The Diachronic Corpus of Present-Day Spoken English
DCPSE is a new parsed corpus of spoken English available on CD-ROM.
It contains more than 400,000 words from ICE-GB (collected in the early 1990s) and 400,000 words from the London-Lund Corpus (late 1960s-early 1980s).
The orthographic transcriptions have been normalised and annotated according to the same criteria. ICE-GB was used as a gold standard for the parsing of DCPSE. The parsing has been corrected by a variety of methods to provide as high a quality of result as possible (see the project pages for more information).
DCPSE is an incomporable resource for examining recent change in the grammar of spoken English.
DCPSE Release 1 with ICECUP 3.1 has been released.
See the order form for details.
- at least 800,000 words (87,000 trees) of fully-parsed and annotated spoken British English from the 1950s to 1990s.
- Sociolinguistic information on texts, speakers and authors.
- Bundled with the ICECUP 3.1 exploration software designed for parsed corpora. This is simply updated to the very latest ICECUP 3.1.1 Windows 64bit-compatible version.
- Supplied with extensive on-line help.
There are numerous English corpora available.
WHAT IS SPECIAL ABOUT DCPSE?
DCPSE is fully grammatically analysed to the same standard as ICE-GB. All sentences in the corpus have been given a detailed parse tree.
DCPSE contains precisely 87,188 parse trees, comprising 885,436 words of English. The entire material is spoken.
This is the biggest single collection of parsed and checked orthographically transcribed spoken English material anywhere. The picture below shows ICECUP 3.1 browsing a text in the corpus.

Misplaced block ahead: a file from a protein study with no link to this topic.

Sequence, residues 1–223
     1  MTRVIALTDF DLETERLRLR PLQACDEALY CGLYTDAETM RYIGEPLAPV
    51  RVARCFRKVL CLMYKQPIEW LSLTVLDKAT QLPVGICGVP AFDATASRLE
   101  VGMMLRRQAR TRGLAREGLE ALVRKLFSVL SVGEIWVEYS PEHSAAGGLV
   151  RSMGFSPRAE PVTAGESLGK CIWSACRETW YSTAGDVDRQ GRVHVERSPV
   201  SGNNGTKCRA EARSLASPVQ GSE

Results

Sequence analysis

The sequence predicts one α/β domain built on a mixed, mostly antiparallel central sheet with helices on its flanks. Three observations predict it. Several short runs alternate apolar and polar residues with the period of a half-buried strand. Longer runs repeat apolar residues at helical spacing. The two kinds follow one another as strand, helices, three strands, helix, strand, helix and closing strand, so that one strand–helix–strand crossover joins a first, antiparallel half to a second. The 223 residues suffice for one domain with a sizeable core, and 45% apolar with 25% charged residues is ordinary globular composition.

DCPSE has been fully checked. It was checked by linguists at several stages in its completion, using both a traditional post-checking strategy and also by cross-sectional error-based searches. We do not believe that the analysis in the corpus is perfect, but it is not systematically imperfect - unlike the best parser output.
A sample corpus from DCPSE Release 1 and ICECUP 3.1 is now available for download. We also invite linguists to contribute to the development of cutting-edge corpus linguistics tools by participating in our beta programme.
Corpus text categories
|Face-to-face conversations (154) 494,000 words||Formal (28) 90,000 words||A|
|Informal (126) 403,000 words||B|
|Telephone conversations (14) 47,000 words||C|
|Broadcast discussions (28) 89,000 words||D|
|Broadcast interviews (14) 43,000 words||E|
|Spontaneous commentary (32) 95,000 words||F|
|Parliamentary language (7) 21,000 words||G|
|Legal cross-examination (3) 9,000 words||H|
|Assorted spontaneous (7) 21,000 words||I|
|Prepared speech (21) 63,000 words||J|
Figures have been rounded down to the lower thousand of words. Only ~130,000 words are found in corpus texts with one speaker, the remainder are conversations or multi-speaker presentations.
Sampling, by year
DCPSE is derived from the London-Lund Corpus (LLC), sampled between 1958 and 1977, and the British Component of the International Corpus of English (ICE-GB, sampled between 1990 and 1992. As a result there are a lot more words in ICE-GB concentrated over a shorter period. This uneven sampling distribution is easily addressed during data analysis, but it is something to bear in mind.
This page last modified 8 July, 2016 by Survey Web Administrator.